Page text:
Your task this quarter is to design a custom processor that supports specific Forward Error
Correction (FEC) tasks. FEC is commonly used in radio communications with lossy links where
retransmission is expensive, challenging, or impractical (as well as other domains). As an
interesting and motivating example, consider one of the longer-lived computational systems
humanity has ever built, the Voyager Probe, which passed out of the heliosphere last year but is
still sending us data! As an example closer to home, satellite radio streams allow for 4-5s of
signal loss (e.g. driving under a highway underpass) without any interruption in the audio
stream. Sirius receivers use a custom chip, historically the STA210/240, which is in many ways
simply an advanced form of what you are designing and implementing in this course.
Your instruction set architecture shall feature fixed-length instructions 9 bits wide.
Your ISA specification should describe:
• What operations it supports and what their respective opcodes are.
o For ideas, see the MIPS, ARM, RISC-V, and/or SPARC instruction lists
• How many instruction formats it supports and what they are
o In detail! How many bits for each field, where they are found in the instruction.
o Your instruction format description should be detailed enough that someone
other than you could write an assembler (a program that creates machine code
from assembly code) for it. (Again, refer to ARM or MIPS.)
• Number of registers, and how many general-purpose or specialized.
• All internal data paths and storage will be 8 bits wide.
• Addressing modes supported
o This applies to both memory instructions and branch instructions.
o How are addresses constructed or calculated? Lookup tables? Sign extension?
Direct addressing? Indirect? Immediates?
Some Things to Think About
For instructions to fit in a 9-bit field, the memory demands of these programs will have to be
small. For example, you will have to be clever to support a conventional main memory of 256
bytes (8-bit address pointer). You should consider how much data space you will need before
you finalize your instruction format. Your instructions are stored in a separate memory, so that
your data addresses need be only big enough to hold data. Your data memory is byte-wide, i.e.,
loads and stores read and write exactly 8 bits (one byte). Your instruction memory is 9 bits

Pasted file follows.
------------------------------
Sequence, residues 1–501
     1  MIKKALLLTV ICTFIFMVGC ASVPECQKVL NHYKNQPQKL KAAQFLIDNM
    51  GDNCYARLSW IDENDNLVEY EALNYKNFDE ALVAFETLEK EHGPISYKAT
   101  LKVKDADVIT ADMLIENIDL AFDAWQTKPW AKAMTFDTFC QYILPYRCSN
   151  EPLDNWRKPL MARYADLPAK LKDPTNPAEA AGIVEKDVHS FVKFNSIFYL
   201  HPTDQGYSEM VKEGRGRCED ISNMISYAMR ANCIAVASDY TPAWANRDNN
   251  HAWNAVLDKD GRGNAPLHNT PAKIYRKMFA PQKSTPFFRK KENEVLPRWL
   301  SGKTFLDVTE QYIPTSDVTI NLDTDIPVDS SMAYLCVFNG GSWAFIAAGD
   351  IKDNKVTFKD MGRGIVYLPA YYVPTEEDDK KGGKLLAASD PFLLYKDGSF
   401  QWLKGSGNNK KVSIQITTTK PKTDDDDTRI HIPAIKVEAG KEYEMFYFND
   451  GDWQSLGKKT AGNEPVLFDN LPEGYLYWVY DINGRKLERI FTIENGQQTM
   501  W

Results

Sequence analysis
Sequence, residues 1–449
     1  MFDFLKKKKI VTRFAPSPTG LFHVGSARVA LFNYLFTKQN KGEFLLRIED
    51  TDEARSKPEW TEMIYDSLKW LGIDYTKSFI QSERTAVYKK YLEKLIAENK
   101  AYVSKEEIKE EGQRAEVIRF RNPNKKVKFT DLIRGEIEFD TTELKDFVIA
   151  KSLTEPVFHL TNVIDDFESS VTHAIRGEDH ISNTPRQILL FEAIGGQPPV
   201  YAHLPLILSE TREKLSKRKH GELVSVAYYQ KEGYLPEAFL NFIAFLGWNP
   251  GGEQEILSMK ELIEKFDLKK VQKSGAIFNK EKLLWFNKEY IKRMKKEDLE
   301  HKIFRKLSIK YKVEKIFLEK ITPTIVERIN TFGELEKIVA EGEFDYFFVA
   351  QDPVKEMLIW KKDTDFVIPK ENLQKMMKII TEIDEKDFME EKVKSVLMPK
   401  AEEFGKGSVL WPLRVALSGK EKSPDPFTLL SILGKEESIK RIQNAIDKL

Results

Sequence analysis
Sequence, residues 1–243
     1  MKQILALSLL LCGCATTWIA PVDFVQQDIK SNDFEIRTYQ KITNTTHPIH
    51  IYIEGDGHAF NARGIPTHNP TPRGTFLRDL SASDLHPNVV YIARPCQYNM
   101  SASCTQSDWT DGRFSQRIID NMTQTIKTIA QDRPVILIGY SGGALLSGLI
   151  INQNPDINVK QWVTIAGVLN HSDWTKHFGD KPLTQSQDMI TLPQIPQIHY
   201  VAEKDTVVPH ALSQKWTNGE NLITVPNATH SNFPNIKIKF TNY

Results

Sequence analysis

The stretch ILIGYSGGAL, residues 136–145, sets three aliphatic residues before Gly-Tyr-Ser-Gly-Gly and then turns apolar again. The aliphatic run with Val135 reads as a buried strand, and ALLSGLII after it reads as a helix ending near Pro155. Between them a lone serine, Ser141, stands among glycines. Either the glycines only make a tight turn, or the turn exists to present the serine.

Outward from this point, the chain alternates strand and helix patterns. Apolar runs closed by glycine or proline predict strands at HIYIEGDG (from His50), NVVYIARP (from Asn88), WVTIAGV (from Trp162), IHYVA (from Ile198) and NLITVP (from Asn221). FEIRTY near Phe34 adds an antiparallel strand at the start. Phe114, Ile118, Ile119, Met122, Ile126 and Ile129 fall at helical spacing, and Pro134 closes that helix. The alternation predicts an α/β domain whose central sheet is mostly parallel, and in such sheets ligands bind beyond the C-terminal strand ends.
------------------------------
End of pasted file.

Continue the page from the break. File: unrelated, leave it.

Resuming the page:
wide, to hold your 9-bit machine code.
You will write and run three programs on your ISA. You may assume that the first starts at
address 0, and the other two are found in memory after the end of the first program (at some
nonoverlapping address of your choosing). The specification of your branch instructions may
depend on where your programs reside in memory, so you should make sure they still work if
the starting address changes a little (e.g., if you have to rewrite one of the programs and it
causes the others to also shift). This approach will allow you to put all three programs in the
same instruction memory later on in the quarter.
Architecture Limitations and Requirements
We shall impose the following constraints on your design, which will make the design a bit
1. Your core should have separate instruction memory and data memory.
2. You should assume single-ported data memory (a maximum of one read or one write
per instruction, not both — Your data memory will have only one address pointer input
port, for both input and output).
3. You should also assume a register file (or whatever internal storage you support) that
can write to only one register per instruction.
a. The sole exception to this rule is that you may have a multibit ALU condition/flag
register (e.g., carry out, or shift out, sign result, zero bit, etc., like ARM’s Z, N, C,
and V status bits) that can be written at the same time as an 8-bit data register, if
b. You may read more than one data register per cycle.
c. Your register file will have no more than two output ports and one input port.
d. You may use separate pointers for reads and writes, if you wish.
e. Please restrict register file size to no more than 16 registers.
4. Manual loop unrolling of your code is not allowed – use at least some branch or jump
5. Your ALU instructions will be a subset of those in ARMsim, or of comparable complexity.
6. You may use lookup tables / decoders, but these are limited to 16 elements each (i.e.,
pointer width 1, 2, 3, or 4 bits).
a. You may not, for example, build a big 512-element, 32-bit LUT to map your 9-bit
machine codes into ARM- or MIPS-like wider microcode. (It was amusing the first
time a team tried it, but it got old J.)
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